Work v. United States ex Rel. Mosier
Annotate this Case
261 U.S. 352 (1923)
U.S. Supreme Court
Work v. United States ex Rel. Mosier, 261 U.S. 352 (1923)
Work v. United States ex Rel. Mosier
Argued April 20, 1922
Restored to docket for reargument May 29, 1922
Reargued February 27, 28, 1923
Decided March 19, 1923
261 U.S. 352
1. Under the provision of the Act of June 28, 1906, directing that mineral rights of the Osage Indians shall be leased by the Tribal Council under rules prescribed by the Secretary of the Interior, and with his approval, but upon royalties determined by the President, bonuses procured, with the Secretary's approval, through auctioning the privilege of taking leases of particular tracts were in effect a supplement to the royalties prescribed in advance by the President -- part of the income of the property -- and are distributable to tribal members in the same way as the statute prescribes for the royalties. P. 261 U. S. 357.
2. The question whether such bonuses are included in royalties is one of statutory construction, not finally entrusted to the discretion of the Secretary, but determinable in court at the instance of the beneficiaries as of right. P. 261 U. S. 358.
3. The act directs that the pro rata share of an Osage minor in the income received by the United States for the Tribe from bonds, mineral leases, sale of extra lands, and grazing rents, shall be paid quarterly to the minor's parents until he becomes of age, and the discretion allowed to withhold payment when the Commissioner of Indian Affairs becomes satisfied that a minor's interest is being misused or squandered, cannot be enlarged by a general regulation of the Secretary declaring that such income is misused if not devoted solely to the care and use of the minor, and providing that only fifty dollars per month shall be paid his parents on his behalf unless upon a specific showing that his funds are being used for his specific benefit. P. 261 U. S. 359.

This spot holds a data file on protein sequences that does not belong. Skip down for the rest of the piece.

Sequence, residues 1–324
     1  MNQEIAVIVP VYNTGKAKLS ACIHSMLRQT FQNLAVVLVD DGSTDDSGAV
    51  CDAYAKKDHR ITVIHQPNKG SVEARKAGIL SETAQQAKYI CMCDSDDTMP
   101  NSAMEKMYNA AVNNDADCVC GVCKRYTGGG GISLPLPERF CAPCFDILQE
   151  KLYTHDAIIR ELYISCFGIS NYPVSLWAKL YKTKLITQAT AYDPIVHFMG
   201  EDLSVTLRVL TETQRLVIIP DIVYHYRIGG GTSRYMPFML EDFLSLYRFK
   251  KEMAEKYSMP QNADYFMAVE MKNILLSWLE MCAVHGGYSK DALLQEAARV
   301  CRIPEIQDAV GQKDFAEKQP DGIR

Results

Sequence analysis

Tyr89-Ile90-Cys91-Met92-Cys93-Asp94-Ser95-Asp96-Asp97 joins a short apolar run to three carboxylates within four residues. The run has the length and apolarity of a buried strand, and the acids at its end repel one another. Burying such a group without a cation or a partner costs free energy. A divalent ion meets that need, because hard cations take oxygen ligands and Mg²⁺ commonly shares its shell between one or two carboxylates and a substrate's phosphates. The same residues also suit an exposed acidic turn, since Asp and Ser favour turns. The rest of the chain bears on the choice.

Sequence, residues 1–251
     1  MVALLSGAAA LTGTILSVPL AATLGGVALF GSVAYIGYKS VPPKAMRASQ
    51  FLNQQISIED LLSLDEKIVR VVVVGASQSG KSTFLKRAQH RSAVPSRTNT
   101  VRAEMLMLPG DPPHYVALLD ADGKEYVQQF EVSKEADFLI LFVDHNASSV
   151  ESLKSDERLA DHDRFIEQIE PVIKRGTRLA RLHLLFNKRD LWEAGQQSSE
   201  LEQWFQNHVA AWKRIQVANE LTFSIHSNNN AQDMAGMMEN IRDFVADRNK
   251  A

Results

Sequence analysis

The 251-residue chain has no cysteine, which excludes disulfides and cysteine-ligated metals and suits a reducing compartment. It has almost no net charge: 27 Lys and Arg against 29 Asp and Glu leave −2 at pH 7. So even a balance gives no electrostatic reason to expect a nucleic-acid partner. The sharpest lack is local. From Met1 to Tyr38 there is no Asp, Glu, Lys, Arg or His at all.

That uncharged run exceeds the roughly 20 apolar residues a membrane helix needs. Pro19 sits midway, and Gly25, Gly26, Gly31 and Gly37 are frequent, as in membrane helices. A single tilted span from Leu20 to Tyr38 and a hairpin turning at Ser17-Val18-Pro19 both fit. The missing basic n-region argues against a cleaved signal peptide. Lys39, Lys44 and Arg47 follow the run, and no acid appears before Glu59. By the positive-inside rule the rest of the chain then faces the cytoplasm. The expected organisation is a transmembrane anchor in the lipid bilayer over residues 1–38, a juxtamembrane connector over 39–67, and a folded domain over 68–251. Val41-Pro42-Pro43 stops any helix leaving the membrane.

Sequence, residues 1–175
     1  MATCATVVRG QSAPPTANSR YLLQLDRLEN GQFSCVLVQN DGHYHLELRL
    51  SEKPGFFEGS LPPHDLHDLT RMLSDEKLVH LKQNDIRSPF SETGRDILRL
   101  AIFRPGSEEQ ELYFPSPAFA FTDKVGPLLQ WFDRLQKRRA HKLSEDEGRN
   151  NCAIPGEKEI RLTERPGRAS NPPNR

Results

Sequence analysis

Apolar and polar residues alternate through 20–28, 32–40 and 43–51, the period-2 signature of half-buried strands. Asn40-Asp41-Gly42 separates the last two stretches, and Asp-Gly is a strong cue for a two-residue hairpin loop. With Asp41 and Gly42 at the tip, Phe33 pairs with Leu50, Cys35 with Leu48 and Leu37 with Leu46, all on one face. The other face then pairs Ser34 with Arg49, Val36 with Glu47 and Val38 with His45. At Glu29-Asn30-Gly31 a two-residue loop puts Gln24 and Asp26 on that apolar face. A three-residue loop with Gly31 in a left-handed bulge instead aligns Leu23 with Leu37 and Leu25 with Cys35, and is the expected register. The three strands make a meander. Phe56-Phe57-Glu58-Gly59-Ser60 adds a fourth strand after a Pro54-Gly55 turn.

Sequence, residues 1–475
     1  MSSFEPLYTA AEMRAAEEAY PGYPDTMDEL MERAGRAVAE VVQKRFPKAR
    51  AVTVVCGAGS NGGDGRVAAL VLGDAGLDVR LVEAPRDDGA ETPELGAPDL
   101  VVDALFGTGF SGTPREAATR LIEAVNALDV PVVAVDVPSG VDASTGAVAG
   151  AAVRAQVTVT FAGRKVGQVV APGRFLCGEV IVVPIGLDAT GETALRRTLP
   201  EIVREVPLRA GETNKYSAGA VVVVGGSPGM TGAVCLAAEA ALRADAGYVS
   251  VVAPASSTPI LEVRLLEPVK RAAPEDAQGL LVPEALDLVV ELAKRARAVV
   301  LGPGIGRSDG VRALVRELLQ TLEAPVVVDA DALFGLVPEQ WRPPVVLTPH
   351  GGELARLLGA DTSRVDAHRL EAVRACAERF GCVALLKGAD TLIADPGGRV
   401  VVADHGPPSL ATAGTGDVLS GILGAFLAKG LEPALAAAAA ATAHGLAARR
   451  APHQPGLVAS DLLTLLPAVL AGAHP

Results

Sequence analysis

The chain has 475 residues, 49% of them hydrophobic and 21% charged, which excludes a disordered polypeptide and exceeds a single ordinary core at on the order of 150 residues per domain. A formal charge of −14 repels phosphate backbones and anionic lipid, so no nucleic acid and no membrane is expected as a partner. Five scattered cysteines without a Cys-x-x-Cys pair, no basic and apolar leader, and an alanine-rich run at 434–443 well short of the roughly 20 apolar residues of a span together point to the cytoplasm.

4. It was the intent of the act that such income should go into the family funds for the support of the family and of the minor as part of the family. P. 261 U. S. 361.
5. Subject to the rights of the distributees as defined by the statute itself, discretion is vested in the Commissioner to determine in each case whether there has been misuse or squandering, and what is
such, and to that end, he may withhold further payments until an account has been rendered by the minor's parents showing how the last payments were used. P. 261 U. S. 362.
6. Until there has been full opportunity for the exercise of this discretion, neither the Commissioner nor the Secretary of the Interior can be compelled by mandamus to make a payment. P. 261 U. S. 362.
50 App.D.C. 219, 269 F. 871, reversed.
This writ of error brings in review a judgment of the Court of Appeals of the District of Columbia, affirming a judgment of mandamus against the Secretary of the Interior commanding him to pay to the relators all the moneys due their minor children, members of the Tribe of Osage Indians of Oklahoma, by reason of the distributions made under the Act of June 28, 1906, 34 Stat. 539, including their respective shares of bonus moneys paid the Secretary for oil leases made by the Tribal Council.
The relators are W. T. Mosier and Louisa Mosier, members of the Osage Tribe of Indians and enrolled as such under the Act of Congress of June 28, 1906, 34 Stat. 539, and are parents of John T. Mosier, Edwin P. Mosier, Luther C. Mosier and Agnes C. Mosier, also enrolled members of the same tribe, who are minors and in the care and keeping of the relators.